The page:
Will federal regulators meet the Y2K deadline?
Users fear impact on business if federal watchdogs aren't as ready as they are.
February 9, 1999
by Thomas Hoffman
(IDG) -- Your business is year 2000-ready. Your suppliers and business partners are on board. But what happens if the federal regulators you depend on for clearances and approvals don't meet the big deadline?
That thought has executives in several industries running for the cover of contingency planning. Yet if regulators' systems fail, companies say there's not a whole lot they can do to create work-arounds. For example, in the drug industry, "If the FDA's entire [transaction processing] systems are out, a fax or next-day letter isn't going to make much difference," said Ed Topor, president of T/K Methods Inc., a Lake Bluff, Ill., supply-chain consultancy and member of the Chicago Area Year 2000 Supply-Chain Users Group.
Players in the U.S. shipping industry "are scared to death" that the U.S. Customs Service isn't going to meet its year 2000 deadline, said David M. Goodwyn, founder of the Acadiana Y2K Awareness Group and a consultant at The Solution Set Inc., both in Lafayette, La.
The Customs Service is critical for U.S. companies that rely on foreign manufacturers that export goods to America. "Your supply chain could be fine, but if products can't come through customs, there's no contingency," said Goodwyn, who's working with several shipping companies on the issue.
Despite recent assurances from government officials that most federal agencies -- including much-criticized regulators such as the Federal Aviation Administration -- will meet the deadline, many executives in the private sector remain worried.
Analysts said they have good reason to be. "This is a very big deal for regulated industries," said Howard Rubin, a research fellow at Meta Group Inc. in Stamford, Conn. Regulators "need a holistic plan showing a timetable for systems contingency planning," he added. Some agencies are publishing timetables, but users are worried about how realistic they are.
Regulators' readiness "is a valid concern. Other than Social Security, it seems like most of these federal agencies are receiving D and F ratings," Topor said.
The year 2000-preparedness of the Food and Drug Administration is critical to pharmaceutical companies that require approval for marketing new drugs, and that of the Federal Reserve Board is crucial to banks that need to clear big-dollar transactions through the FedWire.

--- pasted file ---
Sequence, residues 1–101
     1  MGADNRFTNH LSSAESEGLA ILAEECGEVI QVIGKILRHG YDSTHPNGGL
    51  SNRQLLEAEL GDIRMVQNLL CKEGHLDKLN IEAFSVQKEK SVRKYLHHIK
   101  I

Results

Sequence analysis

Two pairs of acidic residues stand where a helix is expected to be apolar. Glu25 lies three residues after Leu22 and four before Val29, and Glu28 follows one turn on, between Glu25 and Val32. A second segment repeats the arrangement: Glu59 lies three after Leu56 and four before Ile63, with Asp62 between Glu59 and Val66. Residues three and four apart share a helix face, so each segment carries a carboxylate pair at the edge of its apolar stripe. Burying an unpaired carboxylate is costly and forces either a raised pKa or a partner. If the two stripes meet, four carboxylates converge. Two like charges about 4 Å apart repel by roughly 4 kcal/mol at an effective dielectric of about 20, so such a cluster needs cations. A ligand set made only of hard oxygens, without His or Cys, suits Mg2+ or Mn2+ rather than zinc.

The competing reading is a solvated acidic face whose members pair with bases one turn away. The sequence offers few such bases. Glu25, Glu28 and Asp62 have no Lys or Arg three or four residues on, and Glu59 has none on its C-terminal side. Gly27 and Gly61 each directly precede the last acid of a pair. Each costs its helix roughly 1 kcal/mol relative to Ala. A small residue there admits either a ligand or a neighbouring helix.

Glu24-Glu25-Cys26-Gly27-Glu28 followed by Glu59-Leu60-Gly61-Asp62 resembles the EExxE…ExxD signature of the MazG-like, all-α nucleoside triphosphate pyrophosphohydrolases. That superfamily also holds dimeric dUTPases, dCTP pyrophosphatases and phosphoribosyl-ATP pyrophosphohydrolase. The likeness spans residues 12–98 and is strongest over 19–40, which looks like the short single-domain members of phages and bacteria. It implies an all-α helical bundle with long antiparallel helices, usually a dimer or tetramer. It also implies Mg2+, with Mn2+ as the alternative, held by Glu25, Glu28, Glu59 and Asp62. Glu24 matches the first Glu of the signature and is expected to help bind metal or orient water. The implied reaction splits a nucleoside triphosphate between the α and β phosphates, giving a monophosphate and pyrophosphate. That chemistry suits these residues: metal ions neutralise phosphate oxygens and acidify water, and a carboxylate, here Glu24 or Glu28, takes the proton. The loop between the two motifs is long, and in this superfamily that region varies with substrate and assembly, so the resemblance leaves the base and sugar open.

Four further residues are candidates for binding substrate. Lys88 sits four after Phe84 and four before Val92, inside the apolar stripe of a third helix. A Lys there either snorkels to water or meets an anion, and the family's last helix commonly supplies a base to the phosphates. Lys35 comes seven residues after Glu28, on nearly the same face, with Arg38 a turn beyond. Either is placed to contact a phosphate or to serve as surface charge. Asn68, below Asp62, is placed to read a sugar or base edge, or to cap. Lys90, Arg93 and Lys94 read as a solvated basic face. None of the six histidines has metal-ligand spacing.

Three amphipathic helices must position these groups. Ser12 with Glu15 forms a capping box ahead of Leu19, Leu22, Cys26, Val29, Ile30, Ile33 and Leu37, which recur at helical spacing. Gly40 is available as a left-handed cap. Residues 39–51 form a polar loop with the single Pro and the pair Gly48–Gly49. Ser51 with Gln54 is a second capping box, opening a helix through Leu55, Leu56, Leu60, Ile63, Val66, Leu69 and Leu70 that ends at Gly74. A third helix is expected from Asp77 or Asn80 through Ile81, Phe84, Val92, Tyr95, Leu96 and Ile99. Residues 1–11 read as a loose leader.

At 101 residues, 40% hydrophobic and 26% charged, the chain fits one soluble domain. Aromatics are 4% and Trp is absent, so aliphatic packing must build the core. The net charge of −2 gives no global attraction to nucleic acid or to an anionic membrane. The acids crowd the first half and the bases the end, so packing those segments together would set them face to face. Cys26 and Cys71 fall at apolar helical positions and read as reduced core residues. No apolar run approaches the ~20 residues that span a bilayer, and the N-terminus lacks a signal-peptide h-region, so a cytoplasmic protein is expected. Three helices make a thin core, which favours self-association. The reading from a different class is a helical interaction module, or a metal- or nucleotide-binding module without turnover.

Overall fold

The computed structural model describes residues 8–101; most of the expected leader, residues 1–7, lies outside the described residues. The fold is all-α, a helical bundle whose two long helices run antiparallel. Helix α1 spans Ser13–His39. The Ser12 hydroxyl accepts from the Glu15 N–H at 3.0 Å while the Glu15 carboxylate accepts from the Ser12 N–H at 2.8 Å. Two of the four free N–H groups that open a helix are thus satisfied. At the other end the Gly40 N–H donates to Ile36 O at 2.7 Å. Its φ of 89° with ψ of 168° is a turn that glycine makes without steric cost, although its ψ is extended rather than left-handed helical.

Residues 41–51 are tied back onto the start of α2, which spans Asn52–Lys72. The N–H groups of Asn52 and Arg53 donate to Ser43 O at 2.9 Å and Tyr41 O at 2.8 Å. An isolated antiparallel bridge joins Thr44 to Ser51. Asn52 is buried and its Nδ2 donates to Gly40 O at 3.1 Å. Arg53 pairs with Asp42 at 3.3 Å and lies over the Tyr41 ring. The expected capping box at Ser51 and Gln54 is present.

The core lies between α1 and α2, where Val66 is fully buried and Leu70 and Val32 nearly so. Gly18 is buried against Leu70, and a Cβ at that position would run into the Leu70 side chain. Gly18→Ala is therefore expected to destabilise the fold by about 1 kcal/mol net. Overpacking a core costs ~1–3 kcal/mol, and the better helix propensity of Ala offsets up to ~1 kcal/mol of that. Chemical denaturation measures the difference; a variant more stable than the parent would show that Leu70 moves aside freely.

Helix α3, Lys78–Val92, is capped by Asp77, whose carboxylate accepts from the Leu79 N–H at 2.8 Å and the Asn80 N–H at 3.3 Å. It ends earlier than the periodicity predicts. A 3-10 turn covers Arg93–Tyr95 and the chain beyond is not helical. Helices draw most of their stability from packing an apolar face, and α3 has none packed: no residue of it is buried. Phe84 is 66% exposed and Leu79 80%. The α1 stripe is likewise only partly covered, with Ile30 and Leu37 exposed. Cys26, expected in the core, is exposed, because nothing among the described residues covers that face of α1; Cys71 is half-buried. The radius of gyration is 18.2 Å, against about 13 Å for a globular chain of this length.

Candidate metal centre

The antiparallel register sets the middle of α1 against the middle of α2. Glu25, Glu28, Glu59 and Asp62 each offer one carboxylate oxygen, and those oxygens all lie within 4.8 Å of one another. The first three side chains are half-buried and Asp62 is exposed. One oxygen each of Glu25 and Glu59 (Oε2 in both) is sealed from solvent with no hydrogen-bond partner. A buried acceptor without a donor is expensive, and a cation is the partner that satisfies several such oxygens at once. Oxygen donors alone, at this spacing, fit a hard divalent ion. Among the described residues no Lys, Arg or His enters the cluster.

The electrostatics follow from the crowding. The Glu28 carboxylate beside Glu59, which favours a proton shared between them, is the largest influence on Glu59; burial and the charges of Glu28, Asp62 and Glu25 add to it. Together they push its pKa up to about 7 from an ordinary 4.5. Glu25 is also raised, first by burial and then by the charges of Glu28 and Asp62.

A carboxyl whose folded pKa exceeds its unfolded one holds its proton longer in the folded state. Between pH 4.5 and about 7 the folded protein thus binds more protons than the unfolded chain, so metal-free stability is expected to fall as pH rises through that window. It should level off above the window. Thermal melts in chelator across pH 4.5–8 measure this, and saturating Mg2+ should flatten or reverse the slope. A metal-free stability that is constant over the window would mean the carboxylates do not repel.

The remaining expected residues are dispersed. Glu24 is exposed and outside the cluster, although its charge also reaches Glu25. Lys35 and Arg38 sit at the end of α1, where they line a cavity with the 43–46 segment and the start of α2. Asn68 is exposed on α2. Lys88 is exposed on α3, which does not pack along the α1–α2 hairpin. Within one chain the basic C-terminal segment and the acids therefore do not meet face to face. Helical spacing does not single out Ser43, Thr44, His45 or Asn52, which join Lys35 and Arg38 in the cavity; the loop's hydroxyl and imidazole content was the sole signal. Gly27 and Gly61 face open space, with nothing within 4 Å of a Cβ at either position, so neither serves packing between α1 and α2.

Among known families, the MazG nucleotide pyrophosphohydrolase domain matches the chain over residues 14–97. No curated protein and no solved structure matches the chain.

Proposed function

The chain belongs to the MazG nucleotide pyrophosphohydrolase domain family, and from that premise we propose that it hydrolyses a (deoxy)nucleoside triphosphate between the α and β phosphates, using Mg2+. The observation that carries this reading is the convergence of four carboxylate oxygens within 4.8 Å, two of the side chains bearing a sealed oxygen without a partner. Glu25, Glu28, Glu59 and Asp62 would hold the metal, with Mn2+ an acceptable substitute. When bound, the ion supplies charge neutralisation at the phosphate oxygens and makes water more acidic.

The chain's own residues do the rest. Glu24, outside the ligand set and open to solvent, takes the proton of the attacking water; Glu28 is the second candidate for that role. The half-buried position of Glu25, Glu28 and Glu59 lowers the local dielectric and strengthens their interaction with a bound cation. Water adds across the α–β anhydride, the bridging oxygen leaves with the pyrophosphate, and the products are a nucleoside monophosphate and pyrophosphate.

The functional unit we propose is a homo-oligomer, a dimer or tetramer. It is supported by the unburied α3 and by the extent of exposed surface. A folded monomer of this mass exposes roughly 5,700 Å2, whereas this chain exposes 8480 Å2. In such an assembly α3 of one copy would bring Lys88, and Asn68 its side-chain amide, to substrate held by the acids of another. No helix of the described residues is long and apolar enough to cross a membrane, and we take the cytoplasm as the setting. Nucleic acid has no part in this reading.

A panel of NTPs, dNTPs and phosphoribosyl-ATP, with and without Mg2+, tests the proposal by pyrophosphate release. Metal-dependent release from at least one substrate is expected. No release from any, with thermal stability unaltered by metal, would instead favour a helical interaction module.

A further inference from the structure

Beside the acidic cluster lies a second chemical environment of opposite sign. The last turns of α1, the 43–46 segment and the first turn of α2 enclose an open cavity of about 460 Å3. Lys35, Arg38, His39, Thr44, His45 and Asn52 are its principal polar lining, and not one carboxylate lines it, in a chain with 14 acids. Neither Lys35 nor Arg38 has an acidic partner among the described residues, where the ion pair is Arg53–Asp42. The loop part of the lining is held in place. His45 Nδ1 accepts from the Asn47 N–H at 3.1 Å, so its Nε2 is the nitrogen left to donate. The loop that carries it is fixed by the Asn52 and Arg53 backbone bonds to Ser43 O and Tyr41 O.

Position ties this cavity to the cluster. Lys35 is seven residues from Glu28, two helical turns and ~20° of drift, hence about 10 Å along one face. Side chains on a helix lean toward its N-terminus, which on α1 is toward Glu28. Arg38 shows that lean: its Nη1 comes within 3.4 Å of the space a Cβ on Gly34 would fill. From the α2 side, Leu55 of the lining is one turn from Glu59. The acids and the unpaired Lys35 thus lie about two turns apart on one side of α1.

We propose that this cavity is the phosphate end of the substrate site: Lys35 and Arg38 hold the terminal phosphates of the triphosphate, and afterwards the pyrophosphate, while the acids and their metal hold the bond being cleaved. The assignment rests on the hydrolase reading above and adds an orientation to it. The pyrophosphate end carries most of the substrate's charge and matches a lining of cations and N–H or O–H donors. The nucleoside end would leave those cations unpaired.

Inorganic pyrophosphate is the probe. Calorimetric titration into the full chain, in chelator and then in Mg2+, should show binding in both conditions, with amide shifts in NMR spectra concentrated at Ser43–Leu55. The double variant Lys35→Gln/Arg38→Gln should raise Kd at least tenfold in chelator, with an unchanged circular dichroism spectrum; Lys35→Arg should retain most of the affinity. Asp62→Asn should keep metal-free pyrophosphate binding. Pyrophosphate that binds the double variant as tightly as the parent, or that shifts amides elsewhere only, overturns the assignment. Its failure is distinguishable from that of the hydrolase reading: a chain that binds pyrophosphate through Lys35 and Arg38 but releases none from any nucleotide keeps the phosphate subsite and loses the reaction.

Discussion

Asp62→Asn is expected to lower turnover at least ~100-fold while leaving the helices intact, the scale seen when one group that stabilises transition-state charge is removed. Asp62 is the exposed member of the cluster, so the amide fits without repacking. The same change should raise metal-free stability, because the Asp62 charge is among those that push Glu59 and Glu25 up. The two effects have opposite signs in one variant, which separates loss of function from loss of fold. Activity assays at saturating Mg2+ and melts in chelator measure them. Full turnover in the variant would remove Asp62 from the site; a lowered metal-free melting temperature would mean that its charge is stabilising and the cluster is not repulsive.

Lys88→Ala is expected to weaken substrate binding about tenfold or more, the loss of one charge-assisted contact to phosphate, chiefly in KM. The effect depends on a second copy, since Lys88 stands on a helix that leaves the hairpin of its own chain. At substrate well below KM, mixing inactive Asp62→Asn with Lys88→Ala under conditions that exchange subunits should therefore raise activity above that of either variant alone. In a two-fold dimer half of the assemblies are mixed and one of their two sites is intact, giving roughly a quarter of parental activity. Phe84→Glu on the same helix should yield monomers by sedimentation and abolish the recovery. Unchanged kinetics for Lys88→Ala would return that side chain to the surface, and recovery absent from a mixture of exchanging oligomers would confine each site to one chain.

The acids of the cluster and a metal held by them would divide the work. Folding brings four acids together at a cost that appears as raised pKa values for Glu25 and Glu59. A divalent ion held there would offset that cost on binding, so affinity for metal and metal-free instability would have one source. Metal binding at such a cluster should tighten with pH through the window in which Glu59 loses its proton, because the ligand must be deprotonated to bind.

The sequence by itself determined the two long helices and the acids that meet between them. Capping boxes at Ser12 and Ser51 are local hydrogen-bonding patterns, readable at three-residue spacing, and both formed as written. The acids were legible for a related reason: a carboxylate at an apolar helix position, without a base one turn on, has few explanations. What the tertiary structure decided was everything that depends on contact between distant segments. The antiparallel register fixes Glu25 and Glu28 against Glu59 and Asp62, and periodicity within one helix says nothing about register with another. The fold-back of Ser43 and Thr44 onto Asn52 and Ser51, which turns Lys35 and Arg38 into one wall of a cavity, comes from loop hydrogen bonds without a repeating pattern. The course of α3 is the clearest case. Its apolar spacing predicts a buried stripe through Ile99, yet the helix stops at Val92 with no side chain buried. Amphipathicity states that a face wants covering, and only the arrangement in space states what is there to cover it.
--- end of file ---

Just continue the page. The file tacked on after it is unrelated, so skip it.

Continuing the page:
"I'm not as comfortable as I'd like to be with the FAA's state of readiness," said Sandy Gieber, year 2000 program manager at Cessna Aircraft Co. in Wichita, Kan. Gieber said she would like to see the FAA's own contingency plans in the event of a systems failure.
Persuading regulators to comply with those requests might not be easy. "You can't build a contingency plan for everything, but you can try to request audits with the government if they'll permit it," said Joan Budzinski, a member of the Central New York Y2K User Group in Syracuse.
"If the FDA systems aren't compliant, that's going to put a big kink in the manufacturer's processes," agreed Cherise Vaughn, president of C-Coe People Tech in Charleston, S.C. Her firm handles Y2K communication for C.R. Bard Inc., a medical device manufacturer in Murray Hill, N.J. "But I'm also very worried about the fact that the FDA doesn't guarantee any of the Y2K compliance information on its Web site."
Vaughn said many companies are posting "sweeping statements" on the FDA site, claiming that none of their products are affected by year 2000 issues. But she pointed out that if a medical device is past its five-year warranty -- or has been sold to another manufacturer over the years -- that FDA posting may be meaningless.
"A lot of manufacturers are making the false assumption that hospitals aren't using equipment that's old or out of warranty, but they really have to investigate those older products on their own," she said. "The FDA should put up there in big bold letters that people need more in-depth information than is posted on that site."
Users recommend close communication with regulators in order to share contingency plans among all affected parties. And if regulators don't cooperate, users "have a duty to inform those regulators" and to contact lobbyists within their industries to warn the Clinton administration about their status, said Fred Talbott, a professor at The Owen Graduate School of Management at Vanderbilt University in Nashville.
Federal agencies such as the FAA must disclose regular status reports to Congress and to watchdog groups such as the General Accounting Office.
The Federal Reserve Board, which clears bank-to-bank payments and automated payments such as electric bills, has certified 98% of its mission-critical systems as year 2000-compliant, with the rest due to be completed by April 1, a spokeswoman for the Washington-based agency said.
Computerworld senior editor Carol Sliwa contributed to this report.
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